The White Crow
audience Reviews, 80% Audience Score
- Rating: 3.5 out of 5 starsThis is a relatively engrossing watch, with some good choreographed ballet dance performances and decent performances but the main character is less than entirely likeable, I think its fair to say and so I wasn't as intrigued by what happened to him, as I may otherwise have been. Its still interesting in terms of the culture and history of Russia and it felt a fairly well made film generally. I'd recommend this film if your particularly interested in it but it likely won't appeal to everyone (few films do, of course) but it is a somewhat thoughtful film.
- Rating: 3.5 out of 5 starsA good portrayal of a fascinating period and artist. The herding of brilliant Soviet artists through the French customs by their authorities is a sad reminder of this era of oppression. It is a strange contrast - the brilliance of artists encouraged by the state in the USSR and Cuba, and the dour greyness of state control. I loved the portrayal of the relationships of Nureyev's friends, helpers and lovers. I can't get enough of Nureyev - it is great to follow up with performances on youtube and compare his art with other dancers, some who look like wooden plodders in comparison.
- Rating: 3.5 out of 5 starsRalph Fiennes appeared in episode role of a ballet teacher and also directed this biopic about the famous dancer Rudolf Nureyev, focusing on the part of Nureyev's life before his defection to the West. The last 20 minutes, taking place at the Paris airport, were shot perfectly in terms of tension, although most of viewers would be familiar with the outcome. Some other parts could've been shorter without damaging the movie, e.g. Rudolf's overlong sightseeing in Paris. Overall, it's an interesting drama with an authenticity as a big plus: the characters speak Russian and the lead role is played by Oleg Ivenko, a ballet dancer in real life.
- Rating: 4 out of 5 starsSolid biographical pic highlighting the background leading to the defection of Nureyev; generates enough intrigue for a very well known outcome; strong dancing to bolster the solid drama
- Rating: 4.5 out of 5 starsThis a very powerful movie, truthful and straightforward. The strong personality of Nuriev just captivates the audience. The challenges he goes through are depicted so realistically but the spirit of Art and Liberty in dance, painting, and architecture is growing stronger. And finally, it wins.
- Rating: 4 out of 5 starsWonderful movie, and Oleg Ivenko is a delight to watch as an actor and a dancer. I think the timelines are masterfully woven together. I felt I was authentically taken to that world, and I was glad to be there.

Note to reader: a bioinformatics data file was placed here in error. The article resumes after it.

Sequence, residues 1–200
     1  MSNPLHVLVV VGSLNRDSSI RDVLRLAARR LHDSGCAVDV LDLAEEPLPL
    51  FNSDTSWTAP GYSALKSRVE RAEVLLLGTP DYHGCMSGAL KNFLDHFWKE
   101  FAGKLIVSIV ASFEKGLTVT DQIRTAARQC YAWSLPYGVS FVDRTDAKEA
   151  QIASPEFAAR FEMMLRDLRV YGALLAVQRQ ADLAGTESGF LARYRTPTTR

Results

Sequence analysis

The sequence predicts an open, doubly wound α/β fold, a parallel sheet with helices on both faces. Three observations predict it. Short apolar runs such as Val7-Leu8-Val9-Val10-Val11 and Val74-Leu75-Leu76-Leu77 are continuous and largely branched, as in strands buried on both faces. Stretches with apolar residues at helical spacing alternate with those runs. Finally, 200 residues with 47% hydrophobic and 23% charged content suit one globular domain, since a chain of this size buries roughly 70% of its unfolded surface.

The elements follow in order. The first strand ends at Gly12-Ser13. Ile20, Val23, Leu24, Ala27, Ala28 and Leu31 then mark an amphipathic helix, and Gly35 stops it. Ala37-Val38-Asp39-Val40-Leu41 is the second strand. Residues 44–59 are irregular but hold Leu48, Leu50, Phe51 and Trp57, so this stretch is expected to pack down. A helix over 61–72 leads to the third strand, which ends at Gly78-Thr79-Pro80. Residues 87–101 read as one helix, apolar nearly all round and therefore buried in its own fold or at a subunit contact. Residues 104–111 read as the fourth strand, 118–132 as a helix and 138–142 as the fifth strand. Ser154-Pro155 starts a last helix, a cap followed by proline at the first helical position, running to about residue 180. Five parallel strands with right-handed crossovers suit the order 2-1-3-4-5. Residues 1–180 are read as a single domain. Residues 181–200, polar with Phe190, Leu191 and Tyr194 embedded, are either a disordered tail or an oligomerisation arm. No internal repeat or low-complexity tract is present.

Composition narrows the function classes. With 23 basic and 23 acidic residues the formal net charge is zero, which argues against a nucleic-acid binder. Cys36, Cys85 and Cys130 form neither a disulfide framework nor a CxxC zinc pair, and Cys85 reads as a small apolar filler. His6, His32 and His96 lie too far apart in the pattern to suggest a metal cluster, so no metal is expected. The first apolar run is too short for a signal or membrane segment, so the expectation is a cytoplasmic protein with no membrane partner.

- Rating: 3 out of 5 starsYou wouldn't think that a ballet dancer and the KGB would have much to do with one another - but in the 60s, I guess they did. True story of Rudi's defection and media sensation is alright - it's no nail biter or tear jerker. Just kinda there
- Rating: 5 out of 5 starsIt was a wonderful look into the life and personality of one of the most intriguing performers of the 20th Century. Mezmerizing dancer - larger than life. Oleg was superb as Nureyev - especially his dancing.
- Rating: 3 out of 5 starsWhilst the dance sequences are excellent with Fiennes' adroitly showing the full body of the dancers so one can see every line, the rest of the movie is either dreary and jumps around the timeline far too much so it makes no sense for anyone not already very familiar with Nureyev's story, or there's unnecessary nudity and sexual scenes. Most who know of Nureyev will know he was gay - he died from AIDS before any drugs were developed for the condition - and so one does expect references to the man's homosexuality. However, there's a difference between scenes which are designed to explore a dancer's sexuality and ones which are just gratuitous and this film has many more gratuitous sex scenes than meaningful ones. The dancer who plays Nureyev, Oleg Ivenko, does an excellent job playing the famed - or infamous - dancer however the script itself isn't the best. This movie is really only for people who already know Nureyev's story and love dancing. Even then, there's too few scenes of dances or warm-ups, and the remainder of the movie seems very dreary by comparison. Those viewers who aren't familiar with Nureyev's story will struggle to understand exactly what the film is about. It's clearly about a Russian dancer but the rest of the story of Nureyev's life, including his defection to the West, is muddled and confusing even for viewers who know the tale. Fiennes is excellent as Nureyev's ballet instructor, playing a tersely spoken man who seems to be beaten down by life but nevertheless understands Nureyev's yearning for self-expression and, therefore, his defection. However, as a director - and this is Fiennes' third time directing a movie - this movie leaves much to be desired and the script should have been re-written to make it both comprehensible to any viewers as well as interesting. When the scene is not focused on dancing itself, whether warm-ups or on stage, the movie seems to drag on and actually becomes tedious if not actually boring, so that the viewers will only become interested when dancing occurs. This is a great pity because with an actor and director of Fiennes' calibre and the skills of dancer, Oleg Ivenko, this movie could have been so much better than it is.
- Rating: 4 out of 5 starsAlthough the actor/dancer playing the great dancer looks and dances nothing like the man he is supposed to be playing, the lead still plays the role well and dances equally well, and the story is compelling. I can remember when Nureyev defected and seeing him with Fontaine in An Evening With the Royal Ballet.